Richard:

I think I don't need it. Excellent.

Unknown:

Why? Look at that. This

Wayne:

is a quiz to run.

Richard:

This is a horrible moment. They were awful. He wasn't him but you know

Wayne:

the flashiness of not needing

Unknown:

Yes, yeah. Yeah. as well.

Richard:

I know you would no doubt no doubt.

Wayne:

You'll know this anyway. And Trevor know this, but I say this is a bit tough as baby. Which movie was Harrison Ford in before Star Wars. Do you want the answer's

Trev:

no. Go and then. Richard knows you can even use breath. American Graffiti.

Wayne:

Just really want to do this to you trip.

Trev:

He will happen again. Yeah, it will happen again.

Wayne:

Because he's called test the guest really in trips. Getting too excited. Last one. This is a last question to Richard.

Richard:

I'm gonna throw it so I get that sound.

Wayne:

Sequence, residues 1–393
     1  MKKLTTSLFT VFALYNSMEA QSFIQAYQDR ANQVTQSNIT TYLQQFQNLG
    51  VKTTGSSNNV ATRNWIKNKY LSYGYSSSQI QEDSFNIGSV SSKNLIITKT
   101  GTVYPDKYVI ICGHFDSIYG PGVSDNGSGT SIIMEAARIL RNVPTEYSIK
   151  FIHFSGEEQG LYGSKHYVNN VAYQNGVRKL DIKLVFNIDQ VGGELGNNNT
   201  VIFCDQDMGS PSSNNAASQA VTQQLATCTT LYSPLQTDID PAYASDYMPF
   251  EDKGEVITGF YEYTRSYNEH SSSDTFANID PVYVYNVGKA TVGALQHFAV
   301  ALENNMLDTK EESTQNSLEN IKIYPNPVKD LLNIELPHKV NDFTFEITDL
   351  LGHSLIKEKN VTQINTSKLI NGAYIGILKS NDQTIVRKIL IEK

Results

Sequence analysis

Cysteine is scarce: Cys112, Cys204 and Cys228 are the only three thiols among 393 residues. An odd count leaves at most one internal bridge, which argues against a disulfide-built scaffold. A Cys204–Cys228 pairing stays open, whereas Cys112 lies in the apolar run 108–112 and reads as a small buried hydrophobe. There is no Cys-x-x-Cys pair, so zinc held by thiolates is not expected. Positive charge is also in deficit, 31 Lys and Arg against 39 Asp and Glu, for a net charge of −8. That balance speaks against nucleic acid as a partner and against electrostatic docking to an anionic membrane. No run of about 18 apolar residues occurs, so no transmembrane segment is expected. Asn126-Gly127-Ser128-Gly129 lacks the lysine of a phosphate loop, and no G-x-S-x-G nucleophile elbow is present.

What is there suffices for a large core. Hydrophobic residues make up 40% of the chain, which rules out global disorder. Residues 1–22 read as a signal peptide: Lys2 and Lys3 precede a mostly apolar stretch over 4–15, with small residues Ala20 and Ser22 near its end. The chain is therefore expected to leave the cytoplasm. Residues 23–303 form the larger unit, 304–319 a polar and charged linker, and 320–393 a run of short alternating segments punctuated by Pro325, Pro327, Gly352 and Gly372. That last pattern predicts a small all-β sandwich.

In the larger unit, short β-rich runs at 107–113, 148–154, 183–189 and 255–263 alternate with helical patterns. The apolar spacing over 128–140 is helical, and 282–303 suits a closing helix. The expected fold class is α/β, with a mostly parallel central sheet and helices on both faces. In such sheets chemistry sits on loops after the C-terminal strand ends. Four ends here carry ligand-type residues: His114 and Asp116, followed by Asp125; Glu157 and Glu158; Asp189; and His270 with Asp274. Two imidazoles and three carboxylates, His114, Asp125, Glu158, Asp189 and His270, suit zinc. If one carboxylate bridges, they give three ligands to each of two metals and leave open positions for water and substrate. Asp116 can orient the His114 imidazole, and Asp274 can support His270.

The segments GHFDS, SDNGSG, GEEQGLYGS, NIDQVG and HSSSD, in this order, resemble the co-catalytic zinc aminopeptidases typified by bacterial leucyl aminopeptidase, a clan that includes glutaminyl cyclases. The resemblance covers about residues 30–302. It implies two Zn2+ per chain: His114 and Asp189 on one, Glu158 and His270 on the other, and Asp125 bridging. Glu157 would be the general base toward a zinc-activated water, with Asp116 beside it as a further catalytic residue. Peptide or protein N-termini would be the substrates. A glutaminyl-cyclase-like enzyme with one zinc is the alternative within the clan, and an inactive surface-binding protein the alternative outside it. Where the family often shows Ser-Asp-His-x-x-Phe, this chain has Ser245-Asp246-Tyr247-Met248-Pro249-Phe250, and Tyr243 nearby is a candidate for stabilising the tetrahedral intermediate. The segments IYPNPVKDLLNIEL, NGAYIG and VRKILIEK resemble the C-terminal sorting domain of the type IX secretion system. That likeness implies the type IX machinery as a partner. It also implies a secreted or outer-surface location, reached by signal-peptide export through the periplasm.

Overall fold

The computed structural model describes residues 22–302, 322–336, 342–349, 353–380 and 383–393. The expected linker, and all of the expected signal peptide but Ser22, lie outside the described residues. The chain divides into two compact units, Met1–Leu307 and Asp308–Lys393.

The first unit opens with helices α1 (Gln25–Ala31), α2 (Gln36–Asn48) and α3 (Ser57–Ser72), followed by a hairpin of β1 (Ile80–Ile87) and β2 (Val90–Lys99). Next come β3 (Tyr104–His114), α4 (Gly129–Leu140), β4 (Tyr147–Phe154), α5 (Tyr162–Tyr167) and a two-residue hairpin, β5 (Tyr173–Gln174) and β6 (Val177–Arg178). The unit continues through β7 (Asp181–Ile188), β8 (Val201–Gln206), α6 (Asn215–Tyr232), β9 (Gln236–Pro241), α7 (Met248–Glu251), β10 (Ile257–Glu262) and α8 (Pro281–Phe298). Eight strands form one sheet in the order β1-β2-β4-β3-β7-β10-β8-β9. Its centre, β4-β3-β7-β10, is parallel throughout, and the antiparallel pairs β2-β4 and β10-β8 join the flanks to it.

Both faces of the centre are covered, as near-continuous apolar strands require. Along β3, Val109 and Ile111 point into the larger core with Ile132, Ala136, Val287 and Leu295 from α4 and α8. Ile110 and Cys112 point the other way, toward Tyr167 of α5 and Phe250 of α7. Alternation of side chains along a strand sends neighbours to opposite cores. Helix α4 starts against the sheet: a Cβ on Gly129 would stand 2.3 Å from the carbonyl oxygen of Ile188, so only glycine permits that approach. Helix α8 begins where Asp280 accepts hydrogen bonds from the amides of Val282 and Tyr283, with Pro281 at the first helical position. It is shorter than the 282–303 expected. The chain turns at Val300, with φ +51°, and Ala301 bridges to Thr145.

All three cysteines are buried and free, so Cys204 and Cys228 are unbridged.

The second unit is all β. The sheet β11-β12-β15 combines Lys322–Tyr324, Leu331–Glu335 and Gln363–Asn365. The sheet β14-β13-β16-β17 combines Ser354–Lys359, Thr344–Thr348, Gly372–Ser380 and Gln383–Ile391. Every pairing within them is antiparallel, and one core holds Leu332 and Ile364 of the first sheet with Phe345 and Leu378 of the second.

If you say something funny, which is you get a rim shot, which can be taken any way you like, you know, I mean.

Unknown:

I've never got a rim shot. No

Richard:

one told me about that this

Wayne:

podcast has gone downhill rapidly. Question five. And the final question. How did Harrison Ford get the role in Star Wars? I'll give you the answers. Richard, you don't need them. This one do?

Richard:

I think I know. Yeah. Yeah. Well,

Wayne:

it's kind of I'm not being funny. I mean,

Unknown:

comienza Spence, he knows it. It could. I

Wayne:

college friends of George Lucas. They met George Lucas on American Graffiti. See Mark Hamill when a calf? George Lucas on Johnny Carson.

Richard:

It's the can we answer it and then ask you guys a question because it's a follow up question. It was the it was the American Graffiti.

Unknown:

Yeah. Mark Hamill would have added a cat.

Wayne: